Holding Antisemites Accountable.

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Irish Politician Accuses Israel of “Jewish Supremacy”

Israel is trying to “accomplish Jewish supremacy,” deputy chairperson of the lower house of Ireland’s parliament Catherine Connolly wrote in a parliamentary question this month.

The term “Jewish supremacy” is an accusation lobbed at Israel by its opponents, with ties to centuries-old antisemitic accusations of Jews trying to take over the world, similar to the notorious libel The Protocols of the Elders of Zion.

Connolly presented Israeli “Jewish supremacy” as a fact, asking Irish Foreign Minister Simon Coveney if by his ministry’s “indicating support for the Jewish character of the Israeli state agrees with the treatment by Israel of Palestinian communities in its attempts to accomplish Jewish supremacy.”

She also asked Coveney “his views on whether these attempts to perpetuate the supremacy of Jews over Palestinians amount to apartheid, and if he will make a statement on the matter.”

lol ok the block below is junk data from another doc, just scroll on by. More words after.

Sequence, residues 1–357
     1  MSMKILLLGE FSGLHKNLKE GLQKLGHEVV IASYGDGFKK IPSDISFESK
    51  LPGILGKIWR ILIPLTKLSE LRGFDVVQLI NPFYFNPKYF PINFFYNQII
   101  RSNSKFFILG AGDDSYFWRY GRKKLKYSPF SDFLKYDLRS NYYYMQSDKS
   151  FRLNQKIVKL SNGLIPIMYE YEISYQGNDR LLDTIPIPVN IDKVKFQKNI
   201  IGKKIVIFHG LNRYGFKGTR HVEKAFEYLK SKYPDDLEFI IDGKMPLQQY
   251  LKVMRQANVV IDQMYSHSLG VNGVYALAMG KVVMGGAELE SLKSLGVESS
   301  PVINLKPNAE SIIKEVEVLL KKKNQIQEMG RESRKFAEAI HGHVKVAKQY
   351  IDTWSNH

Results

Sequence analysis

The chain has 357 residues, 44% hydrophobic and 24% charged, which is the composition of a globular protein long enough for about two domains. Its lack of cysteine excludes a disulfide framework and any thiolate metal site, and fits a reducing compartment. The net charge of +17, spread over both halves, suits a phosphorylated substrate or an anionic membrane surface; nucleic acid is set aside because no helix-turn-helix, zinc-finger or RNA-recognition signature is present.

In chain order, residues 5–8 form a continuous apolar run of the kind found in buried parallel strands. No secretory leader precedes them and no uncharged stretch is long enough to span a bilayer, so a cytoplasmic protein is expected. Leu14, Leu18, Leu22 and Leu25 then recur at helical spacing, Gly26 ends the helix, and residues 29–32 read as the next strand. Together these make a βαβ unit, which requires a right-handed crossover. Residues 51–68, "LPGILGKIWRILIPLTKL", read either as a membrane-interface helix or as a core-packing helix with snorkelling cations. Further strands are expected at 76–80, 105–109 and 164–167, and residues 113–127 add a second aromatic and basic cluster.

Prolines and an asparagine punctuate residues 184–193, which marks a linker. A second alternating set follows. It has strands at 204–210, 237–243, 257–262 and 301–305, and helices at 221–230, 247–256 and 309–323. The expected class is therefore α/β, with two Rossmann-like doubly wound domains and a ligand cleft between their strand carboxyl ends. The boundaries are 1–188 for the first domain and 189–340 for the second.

Coveney said he “respect[s] the strong connection between the Jewish people and the State of Israel.”

“By their very nature, all states have certain inherent characteristics,” he added, bringing “socialist, democratic, united, Islamic, Arab or Jewish” as examples, but said that those states should have “full respect for the equal rights of all citizens, irrespective of ethnicity, religion or other similar factors.”

Coveney said that Ireland often raises its concerns about Israel’s treatment of Palestinians.
Ireland is one of the countries most critical of Israel in Europe and was one of only two EU countries to participate in the anti-Israel Durban Conference at the UN last month.

Jewish Representative Council of Ireland chairperson Maurice Cohen said Connolly “strayed into classic antisemitic language by perpetuating the trope of ‘Jewish supremacy.’”

Cohen referred to a 200-page study released by researcher David Collier last week, indicating rampant antisemitism in Ireland.
“The Jewish Representative Council of Ireland urges all political parties, as well as both Houses of the Oireachtas [legislature] to immediately adopt the [International Holocaust Remembrance Alliance] definition of antisemitism to which the government is already a European signatory,” Cohen said.

He also pointed out that 47 countries signed a UN Human Rights Council pledge to fight antisemitism this month, but Ireland was not one of them, and that Dublin has not yet appointed an envoy on antisemitism to the European Commission, despite the EC requesting it do so years ago.

“The need for the above measures is urgent,” Cohen stated.